The forecast in Tokyo called for light rain this morning, and as I looked out the window the weatherman got it right. No problem, I noticed that the convenience store downstairs from the hotel sells umbrellas, so I would stop there before waking to work. For about $10 I got a collapsible umbrella.
Have you ever done something completely inconsequential that triggers a powerful memory in you? It can be something completely silly, but all of a sudden…
I was telling someone the other day that I used to be a very boorish, brash individual (some of you may remember those days). I was confrontational and always needed to be right, and even when I wasn’t right I was usually the loudest voice. However I have made a conscious concerted effort to change those ways, and am (I think) a lot more respected now, both as an IT Professional and as a person.
Some fifteen years ago I was visiting with my Zaide (grandfather). It was raining, and he loaned me his umbrella. It was a nice collapsible model with a leather handle. Back then I tended to wield any item I held as a weapon; I was not gentle to say the least. He knew this, and asked me to take special care with the umbrella, and to return it to him when I could.
Of course, I broke it. I regretted it, and tried to find a replacement that was identical to the one I broke. I was unsuccessful in my attempts, and decided to just hide it and plead ignorance. Zaide never said a word about it… but knowing the man he was, I suspect he knew.
Going back much further I remember going through his drawers as a child (I was probably eleven or twelve) and finding his Swiss Army knife. I pilfered it, always planning to return it. I took it to the wooded area not far from where we lived at the time and tried to use it to cut… something, I don’t remember what. I do remember being horrified when I chipped the blade. I put it away, and brought it back to put it back into the drawer where I found it. Again, Zaide never said a word… it was just another way that I disappointed that great man over the course of the years.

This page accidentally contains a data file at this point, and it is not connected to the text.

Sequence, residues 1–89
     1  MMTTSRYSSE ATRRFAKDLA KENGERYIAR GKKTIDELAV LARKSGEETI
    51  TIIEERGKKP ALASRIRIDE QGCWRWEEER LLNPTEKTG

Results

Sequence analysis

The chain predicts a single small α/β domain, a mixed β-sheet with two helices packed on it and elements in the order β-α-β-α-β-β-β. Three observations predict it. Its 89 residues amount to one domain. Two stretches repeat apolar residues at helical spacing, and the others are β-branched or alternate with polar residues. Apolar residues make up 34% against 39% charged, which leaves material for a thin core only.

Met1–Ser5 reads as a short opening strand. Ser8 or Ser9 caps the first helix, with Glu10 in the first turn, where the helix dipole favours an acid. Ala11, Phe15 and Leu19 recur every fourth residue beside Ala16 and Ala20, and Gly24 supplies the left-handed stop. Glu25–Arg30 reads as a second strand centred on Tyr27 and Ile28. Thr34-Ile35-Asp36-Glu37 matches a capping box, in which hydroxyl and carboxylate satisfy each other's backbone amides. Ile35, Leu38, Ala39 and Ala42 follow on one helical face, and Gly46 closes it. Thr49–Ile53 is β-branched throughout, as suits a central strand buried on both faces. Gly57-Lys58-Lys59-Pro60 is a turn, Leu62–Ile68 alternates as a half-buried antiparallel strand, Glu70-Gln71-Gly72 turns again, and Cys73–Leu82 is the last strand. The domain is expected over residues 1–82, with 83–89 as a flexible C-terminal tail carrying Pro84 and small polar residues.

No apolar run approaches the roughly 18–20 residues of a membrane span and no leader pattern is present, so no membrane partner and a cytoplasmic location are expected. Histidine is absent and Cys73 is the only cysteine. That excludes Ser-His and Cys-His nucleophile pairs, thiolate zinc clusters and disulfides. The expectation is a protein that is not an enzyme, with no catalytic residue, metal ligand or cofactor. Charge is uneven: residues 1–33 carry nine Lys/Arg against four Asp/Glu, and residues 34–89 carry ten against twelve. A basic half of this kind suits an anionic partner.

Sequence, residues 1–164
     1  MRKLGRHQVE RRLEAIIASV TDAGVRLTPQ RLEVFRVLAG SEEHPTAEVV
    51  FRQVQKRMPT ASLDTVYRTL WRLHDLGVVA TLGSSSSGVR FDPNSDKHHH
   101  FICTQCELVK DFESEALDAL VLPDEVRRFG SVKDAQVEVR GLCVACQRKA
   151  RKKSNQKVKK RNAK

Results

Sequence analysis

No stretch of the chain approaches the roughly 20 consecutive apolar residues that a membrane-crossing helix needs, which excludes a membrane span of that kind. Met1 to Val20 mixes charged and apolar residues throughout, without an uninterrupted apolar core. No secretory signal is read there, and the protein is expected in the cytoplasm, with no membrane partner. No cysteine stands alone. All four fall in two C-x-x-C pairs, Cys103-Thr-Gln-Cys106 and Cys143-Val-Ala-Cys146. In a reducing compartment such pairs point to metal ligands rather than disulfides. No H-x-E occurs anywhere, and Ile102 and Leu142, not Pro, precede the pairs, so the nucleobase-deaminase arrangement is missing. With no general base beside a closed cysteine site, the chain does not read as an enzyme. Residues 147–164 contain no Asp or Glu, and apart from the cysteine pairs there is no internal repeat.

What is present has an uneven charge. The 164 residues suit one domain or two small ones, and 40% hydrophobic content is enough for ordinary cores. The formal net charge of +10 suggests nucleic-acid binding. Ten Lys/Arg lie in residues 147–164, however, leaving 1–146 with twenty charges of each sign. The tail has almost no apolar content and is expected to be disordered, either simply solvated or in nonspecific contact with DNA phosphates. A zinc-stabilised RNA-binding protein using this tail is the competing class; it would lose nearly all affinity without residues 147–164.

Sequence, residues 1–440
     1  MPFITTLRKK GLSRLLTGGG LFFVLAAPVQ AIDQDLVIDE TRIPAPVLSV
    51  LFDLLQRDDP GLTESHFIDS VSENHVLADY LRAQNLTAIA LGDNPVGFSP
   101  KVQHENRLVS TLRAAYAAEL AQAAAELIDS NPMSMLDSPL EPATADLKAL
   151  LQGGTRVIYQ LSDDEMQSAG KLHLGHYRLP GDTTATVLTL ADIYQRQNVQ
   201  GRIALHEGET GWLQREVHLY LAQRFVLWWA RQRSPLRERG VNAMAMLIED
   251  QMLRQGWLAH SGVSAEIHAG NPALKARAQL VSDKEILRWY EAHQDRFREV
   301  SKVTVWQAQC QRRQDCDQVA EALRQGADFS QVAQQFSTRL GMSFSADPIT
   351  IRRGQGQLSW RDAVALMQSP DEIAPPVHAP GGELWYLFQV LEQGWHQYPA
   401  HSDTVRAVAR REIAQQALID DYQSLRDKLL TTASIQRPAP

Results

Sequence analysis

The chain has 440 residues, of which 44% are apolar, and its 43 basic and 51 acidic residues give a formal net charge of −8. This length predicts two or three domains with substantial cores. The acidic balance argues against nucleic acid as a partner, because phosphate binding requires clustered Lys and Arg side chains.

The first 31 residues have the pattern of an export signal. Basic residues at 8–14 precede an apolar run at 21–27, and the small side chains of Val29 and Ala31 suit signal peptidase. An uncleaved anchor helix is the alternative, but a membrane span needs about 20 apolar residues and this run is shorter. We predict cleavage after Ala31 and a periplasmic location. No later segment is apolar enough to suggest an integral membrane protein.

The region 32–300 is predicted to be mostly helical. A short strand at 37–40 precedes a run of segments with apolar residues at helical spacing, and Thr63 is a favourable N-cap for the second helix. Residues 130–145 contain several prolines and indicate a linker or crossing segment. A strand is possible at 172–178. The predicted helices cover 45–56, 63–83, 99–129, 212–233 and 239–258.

I wish I would have been honest with him, both about the umbrella and the knife. I wish I could say to him ‘Zaide, I am sorry; I was not careful with your umbrella, and I broke it. I took your Swiss Army knife without telling you, and it broke so I returned it. I was going to return it anyways, but I am sorry both for taking it without permission, and for breaking it.’ Zaide would have been terribly disappointed in me, and would have given me a stern lecture on respecting other peoples’ property. Of course, he would have been right.
In truth, If I were the man then that I am today, I would likely not have broken his umbrella, and I would not have taken his Swiss Army knife without permission… so I would not have had to apologize. I expect my Zaide would have been proud of the man I have become; I only wish he were alive to see it.
After his passing a little more than a decade ago we were cleaning out his apartment and I found the old Swiss Army knife. I opened it up to look for the chip. Zaide had fixed it by grinding it down. The blade was that much smaller than it had been, but extremely sharp and perfectly functional. Leave it to my grandfather to fix a problem that to the twelve year old me seemed unsolvable. I still have that Swiss Army knife. I don’t use it or carry it around… I don’t carry my own newer Swiss knife either. However you can be sure that I know exactly where my Zaide’s knife is, and treat it with respect.
I think when I am home next I will pull it out, clean it, and oil it. Just for Zaide.
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